Microsoft’s Cloud-based Office 365 Still a Little Foggy in Beta Release

By: Lee Rickwood

June 24, 2011

By Lee Rickwood

Microsoft’s Office 365 is a cloud-based version of its well-known desktop and office applications, with Web versions of Word, Excel, PowerPoint, OneNote, Lync and more available as SaaS, or software-as-a-service.

Microsoft Office 365

Microsoft Office 365 will be released later this month.

The full Office 365 suite will be released very soon (target date: June 28th), with various subscription levels and packages aimed at small and medium sized businesses, as well as larger enterprises.

There is a dedicated Office 365 site for Canadians.

Online or cloud-based apps like Office 365 promise enhanced collaborative and sharing capabilities; reduced operating and hardware costs; as well as the ubiquity of Internet-based access to valuable business documents and administrative tools.

In some ways, Office 365 is Microsoft’s answer to Google’s own online app suite, which has been available as a free consumer version and a business solution for some time.

Office 365 offers users the abilty to create two websites – one is public, and very suitable in establishing an online presence for a SOHO or small business

The other is an internal or private site,  established specifically for collaborative teamwork among employees, co-workers and staff.

So Office 365 was first unveiled last October, and it has been in public beta for several months now.  Gathering feedback, wish lists, complaints and big reports is part of the process, and Microsoft is expected to address a few of the grey areas in its cloud service offerings with official release.

A press event planned for the official release date will reportedly have senior Microsoft executives speak to the beta development and enhancement process.

Meanwhile, a ‘first look’ evaluation here at What’s Your has been underway for a few weeks.

One initial concern was that the powerful Microsoft desktop software solutions are ‘too big’ and ‘too powerful’ to be web-based apps, but for the most part, they run reasonably well in a browser.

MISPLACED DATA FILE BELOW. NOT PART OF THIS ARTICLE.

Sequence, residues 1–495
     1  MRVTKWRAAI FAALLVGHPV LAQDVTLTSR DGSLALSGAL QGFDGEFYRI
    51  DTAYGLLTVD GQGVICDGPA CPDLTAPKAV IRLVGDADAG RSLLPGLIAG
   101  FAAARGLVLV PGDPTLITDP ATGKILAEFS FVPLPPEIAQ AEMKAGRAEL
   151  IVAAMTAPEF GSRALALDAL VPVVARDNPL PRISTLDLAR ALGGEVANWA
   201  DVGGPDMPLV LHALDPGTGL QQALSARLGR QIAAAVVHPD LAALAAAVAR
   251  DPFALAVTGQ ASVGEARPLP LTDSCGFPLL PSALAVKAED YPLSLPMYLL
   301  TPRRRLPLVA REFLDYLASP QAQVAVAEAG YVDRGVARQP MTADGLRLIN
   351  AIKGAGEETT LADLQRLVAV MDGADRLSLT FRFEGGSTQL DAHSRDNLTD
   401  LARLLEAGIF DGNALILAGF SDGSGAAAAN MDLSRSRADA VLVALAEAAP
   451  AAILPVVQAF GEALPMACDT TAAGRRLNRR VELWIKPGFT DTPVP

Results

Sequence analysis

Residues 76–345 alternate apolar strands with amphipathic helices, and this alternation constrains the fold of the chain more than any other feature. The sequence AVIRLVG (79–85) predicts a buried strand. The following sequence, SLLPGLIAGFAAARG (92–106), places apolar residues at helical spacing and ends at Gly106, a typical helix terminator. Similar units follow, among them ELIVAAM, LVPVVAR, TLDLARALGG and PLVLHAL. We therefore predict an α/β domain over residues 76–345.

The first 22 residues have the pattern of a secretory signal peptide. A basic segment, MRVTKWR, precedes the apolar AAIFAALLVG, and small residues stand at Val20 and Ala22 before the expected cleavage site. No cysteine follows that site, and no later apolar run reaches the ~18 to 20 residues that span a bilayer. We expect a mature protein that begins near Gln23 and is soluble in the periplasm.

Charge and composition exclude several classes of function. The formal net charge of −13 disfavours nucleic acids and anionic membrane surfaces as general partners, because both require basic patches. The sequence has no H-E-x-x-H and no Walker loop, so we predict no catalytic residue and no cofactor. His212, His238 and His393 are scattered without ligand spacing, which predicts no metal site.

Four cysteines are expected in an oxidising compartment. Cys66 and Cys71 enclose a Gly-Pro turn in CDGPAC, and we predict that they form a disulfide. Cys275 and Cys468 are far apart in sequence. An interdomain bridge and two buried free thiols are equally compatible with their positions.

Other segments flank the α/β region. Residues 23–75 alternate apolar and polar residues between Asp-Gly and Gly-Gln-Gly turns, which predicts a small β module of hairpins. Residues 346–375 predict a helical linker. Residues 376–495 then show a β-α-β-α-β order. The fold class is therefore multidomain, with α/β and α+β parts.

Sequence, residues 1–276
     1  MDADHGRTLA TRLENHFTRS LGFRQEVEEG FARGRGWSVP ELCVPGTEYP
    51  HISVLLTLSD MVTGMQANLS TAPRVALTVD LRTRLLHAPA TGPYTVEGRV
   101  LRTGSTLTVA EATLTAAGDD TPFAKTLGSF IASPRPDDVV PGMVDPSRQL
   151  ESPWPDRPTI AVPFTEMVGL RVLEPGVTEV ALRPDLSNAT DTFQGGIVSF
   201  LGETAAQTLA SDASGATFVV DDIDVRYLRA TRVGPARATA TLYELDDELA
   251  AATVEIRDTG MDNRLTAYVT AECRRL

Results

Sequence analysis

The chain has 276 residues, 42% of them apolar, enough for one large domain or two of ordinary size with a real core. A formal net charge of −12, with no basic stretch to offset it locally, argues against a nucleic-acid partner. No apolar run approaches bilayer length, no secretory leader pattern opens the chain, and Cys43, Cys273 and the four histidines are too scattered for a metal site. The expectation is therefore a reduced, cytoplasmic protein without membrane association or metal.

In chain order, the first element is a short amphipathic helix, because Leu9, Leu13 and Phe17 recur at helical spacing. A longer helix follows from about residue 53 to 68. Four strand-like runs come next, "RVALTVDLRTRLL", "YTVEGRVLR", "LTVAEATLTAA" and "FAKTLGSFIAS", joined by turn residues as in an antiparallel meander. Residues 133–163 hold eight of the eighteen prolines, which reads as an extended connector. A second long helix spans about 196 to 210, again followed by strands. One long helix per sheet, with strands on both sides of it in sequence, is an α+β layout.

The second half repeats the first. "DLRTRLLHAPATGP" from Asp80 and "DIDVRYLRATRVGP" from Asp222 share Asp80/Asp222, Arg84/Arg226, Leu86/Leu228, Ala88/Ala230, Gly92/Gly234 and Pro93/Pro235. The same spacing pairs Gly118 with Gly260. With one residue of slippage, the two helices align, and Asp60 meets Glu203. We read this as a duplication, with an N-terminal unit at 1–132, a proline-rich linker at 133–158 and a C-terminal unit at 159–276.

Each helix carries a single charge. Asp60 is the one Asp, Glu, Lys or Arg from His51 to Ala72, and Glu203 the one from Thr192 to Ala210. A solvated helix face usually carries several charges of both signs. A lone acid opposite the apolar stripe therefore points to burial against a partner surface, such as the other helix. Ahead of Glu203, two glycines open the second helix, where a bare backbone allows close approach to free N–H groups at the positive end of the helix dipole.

While full software functionality is very important to some (like in Excel spreadsheets), some users might find a scaled back version like Google’s apps to be smoother and faster to use.

The cloud’s been around for a while, and although it seems everywhere these days, in terms of new products and services, Microsoft was slow to offer a complete solution (some Office apps like Word, PowerPoint and Excel were online before the Office suite).

Office 365 provides online editions of Word, PPT, Excel and OneNote; e-mail and mobile calendaring is done through Exchange.

Server tools include in the package support SharePoint collaboration on the ‘Net, with Lync used for IM and other online conferencing and calling activities.

Designed to also support mobile media, it does appear that some bugs lurk – mobile phone users who may attempt to visit a public site may be asked for passwords and log-ins, and control over this is difficult, as the ability to turn off the mobile version of a site collection is not available through the online version of SharePoint (it is in SharePoint 2010, so maybe it will be ported over soon).

Some users have noted that it’s interesting that the new online suite uses Outlook Exchange servers for e-mail versus Windows Live.

But Microsoft says the Exchange Online feature in Office 365 will have more robust search, archiving, retention and other admin features.

But right now, moving users to Outlook Exchange Online does require some new cloud-based migration tools.

Other admin tools in the beta Office 365 allow users to connect their company’s current domain, and to create those two distinct webites. While the interface seems straightforward (Add a Domain) enough at first, the fact is that if you are not careful – and knowledgeable – misconfiguration of some not so common records can occur.

Configuring the DNS settings for your company’s Web and email domain properly is crucial, so some tweaking of the instructions, user’s guide or actual functionality may be needed here.

Even if you get through the five or six steps successfully, the domain setting changes still have to be confirmed at the company service provider, which can take a few days with some companies.

So while the Office 365 seems aimed at as wide a swath of users as possible, the admin section alone drives home the fact that for a company to use the service, there still needs to be at least one reasonably advanced computer nearby – either someone who is an advanced Office users, and/or someone with some hands-on blog or website admin experience.

So the benefits of cloud computing for small business, one of them at least, is the ability to reduce IT overhead in house, and yet still have a big capability in terms of being able to access programs, data and services online.